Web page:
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The Head of Kay's   By: (1881-1975)

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First Page:

THE HEAD OF KAY'S

by P. G. Wodehouse

1905

CONTENTS

Chapter

I MAINLY ABOUT FENN

II AN EVENING AT KAY'S

III THE FINAL HOUSE MATCH

IV HARMONY AND DISCORD

V CAMP

VI THE RAID ON THE GUARD TENT

VII A CLUE

VIII A NIGHT ADVENTURE THE DETHRONEMENT OF FENN

IX THE SENSATIONS OF AN EXILE

X FURTHER EXPERIENCES OF AN EXILE

XI THE SENIOR DAYROOM OPENS FIRE

XII KENNEDY INTERVIEWS WALTON

XIII THE FIGHT IN THE DORMITORY

XIV FENN RECEIVES A LETTER

XV DOWN TOWN

XVI WHAT HAPPENED TO FENN

XVII FENN HUNTS FOR HIMSELF

XVIII A VAIN QUEST

XIX THE GUILE OF WREN

XX JIMMY THE PEACEMAKER

XXI IN WHICH AN EPISODE IS CLOSED

XXII KAY'S CHANGES ITS NAME

XXIII THE HOUSE MATCHES

XXIV THE SPORTS

I

MAINLY ABOUT FENN

"When we get licked tomorrow by half a dozen wickets," said Jimmy Silver, tilting his chair until the back touched the wall, "don't say I didn't warn you. If you fellows take down what I say from time to time in note books, as you ought to do, you'll remember that I offered to give anyone odds that Kay's would out us in the final. I always said that a really hot man like Fenn was more good to a side than half a dozen ordinary men. He can do all the bowling and all the batting. All the fielding, too, in the slips."

Tea was just over at Blackburn's, and the bulk of the house had gone across to preparation in the school buildings. The prefects, as was their custom, lingered on to finish the meal at their leisure. These after tea conversations were quite an institution at Blackburn's. The labours of the day were over, and the time for preparation for the morrow had not yet come. It would be time to be thinking of that in another hour. Meanwhile, a little relaxation might be enjoyed. Especially so as this was the last day but two of the summer term, and all necessity for working after tea had ceased with the arrival of the last lap of the examinations.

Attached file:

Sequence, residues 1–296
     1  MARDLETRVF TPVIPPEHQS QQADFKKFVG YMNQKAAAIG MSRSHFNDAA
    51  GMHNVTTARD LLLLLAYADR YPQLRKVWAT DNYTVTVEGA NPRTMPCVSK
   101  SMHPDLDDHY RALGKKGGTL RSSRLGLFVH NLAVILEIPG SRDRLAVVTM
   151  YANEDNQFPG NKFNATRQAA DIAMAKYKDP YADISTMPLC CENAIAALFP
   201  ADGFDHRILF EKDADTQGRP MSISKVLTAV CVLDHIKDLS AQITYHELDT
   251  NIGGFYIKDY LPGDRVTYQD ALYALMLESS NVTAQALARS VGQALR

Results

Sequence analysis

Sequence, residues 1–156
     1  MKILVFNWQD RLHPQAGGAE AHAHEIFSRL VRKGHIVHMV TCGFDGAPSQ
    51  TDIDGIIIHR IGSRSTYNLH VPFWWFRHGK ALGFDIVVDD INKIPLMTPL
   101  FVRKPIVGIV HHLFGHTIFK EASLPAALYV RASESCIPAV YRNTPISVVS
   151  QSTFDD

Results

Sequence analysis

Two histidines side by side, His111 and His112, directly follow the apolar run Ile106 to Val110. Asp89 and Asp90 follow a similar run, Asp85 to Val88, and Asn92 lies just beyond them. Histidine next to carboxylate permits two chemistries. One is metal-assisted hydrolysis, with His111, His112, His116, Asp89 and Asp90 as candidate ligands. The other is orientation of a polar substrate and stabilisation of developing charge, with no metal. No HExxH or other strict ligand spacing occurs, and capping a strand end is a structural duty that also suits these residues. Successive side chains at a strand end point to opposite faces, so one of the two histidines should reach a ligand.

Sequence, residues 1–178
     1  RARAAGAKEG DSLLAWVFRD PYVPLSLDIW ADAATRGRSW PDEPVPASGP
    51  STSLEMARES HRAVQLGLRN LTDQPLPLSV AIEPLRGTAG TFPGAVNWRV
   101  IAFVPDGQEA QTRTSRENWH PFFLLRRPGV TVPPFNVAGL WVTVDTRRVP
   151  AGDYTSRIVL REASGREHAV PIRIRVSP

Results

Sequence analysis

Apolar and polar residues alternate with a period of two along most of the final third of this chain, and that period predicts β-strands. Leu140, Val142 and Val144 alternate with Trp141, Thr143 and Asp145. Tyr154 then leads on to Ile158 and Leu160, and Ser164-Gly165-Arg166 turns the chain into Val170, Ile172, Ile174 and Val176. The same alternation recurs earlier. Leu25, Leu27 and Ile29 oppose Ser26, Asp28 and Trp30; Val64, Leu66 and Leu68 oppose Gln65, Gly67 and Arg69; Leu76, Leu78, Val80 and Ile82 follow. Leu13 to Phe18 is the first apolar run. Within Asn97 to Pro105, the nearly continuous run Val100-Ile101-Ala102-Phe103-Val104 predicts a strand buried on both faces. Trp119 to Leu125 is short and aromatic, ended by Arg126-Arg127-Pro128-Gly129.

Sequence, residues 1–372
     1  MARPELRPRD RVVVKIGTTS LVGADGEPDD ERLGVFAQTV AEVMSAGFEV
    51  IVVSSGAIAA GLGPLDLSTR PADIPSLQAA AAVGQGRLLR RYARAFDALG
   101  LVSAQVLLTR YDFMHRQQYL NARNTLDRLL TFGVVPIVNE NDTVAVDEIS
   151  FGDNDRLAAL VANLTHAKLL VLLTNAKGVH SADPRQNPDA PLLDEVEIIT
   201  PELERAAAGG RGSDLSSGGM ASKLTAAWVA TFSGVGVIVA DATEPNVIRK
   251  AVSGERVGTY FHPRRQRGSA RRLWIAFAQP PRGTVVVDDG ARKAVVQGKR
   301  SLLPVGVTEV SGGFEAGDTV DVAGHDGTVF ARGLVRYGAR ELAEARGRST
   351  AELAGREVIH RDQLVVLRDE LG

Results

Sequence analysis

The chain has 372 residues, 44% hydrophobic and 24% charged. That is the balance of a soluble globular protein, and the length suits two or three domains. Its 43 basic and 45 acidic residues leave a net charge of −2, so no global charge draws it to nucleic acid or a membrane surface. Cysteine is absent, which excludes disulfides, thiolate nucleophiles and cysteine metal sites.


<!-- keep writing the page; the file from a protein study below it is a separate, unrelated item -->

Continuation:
Silver was head of the house, and captain of its cricket team, which was nearing the end of its last match, the final for the inter house cup, and on paper getting decidedly the worst of it. After riding in triumph over the School House, Bedell's, and Mulholland's, Blackburn's had met its next door neighbour, Kay's, in the final, and, to the surprise of the great majority of the school, was showing up badly. The match was affording one more example of how a team of average merit all through may sometimes fall before a one man side. Blackburn's had the three last men on the list of the first eleven, Silver, Kennedy, and Challis, and at least nine of its representatives had the reputation of being able to knock up a useful twenty or thirty at any time. Kay's, on the other hand, had one man, Fenn. After him the tail started. But Fenn was such an exceptional all round man that, as Silver had said, he was as good as half a dozen of the Blackburn's team, equally formidable whether batting or bowling he headed the school averages at both. He was one of those batsmen who seem to know exactly what sort of ball you are going to bowl before it leaves your hand, and he could hit like another Jessop. As for his bowling, he bowled left hand always a puzzling eccentricity to an undeveloped batsman and could send them down very fast or very slow, as he thought best, and it was hard to see which particular brand he was going to serve up before it was actually in mid air.

But it is not necessary to enlarge on his abilities. The figures against his name in Wisden prove a good deal. The fact that he had steered Kay's through into the last round of the house matches proves still more. It was perfectly obvious to everyone that, if only you could get Fenn out for under ten, Kay's total for that innings would be nearer twenty than forty. They were an appalling side. But then no house bowler had as yet succeeded in getting Fenn out for under ten. In the six innings he had played in the competition up to date, he had made four centuries, an eighty, and a seventy... Continue reading book >>




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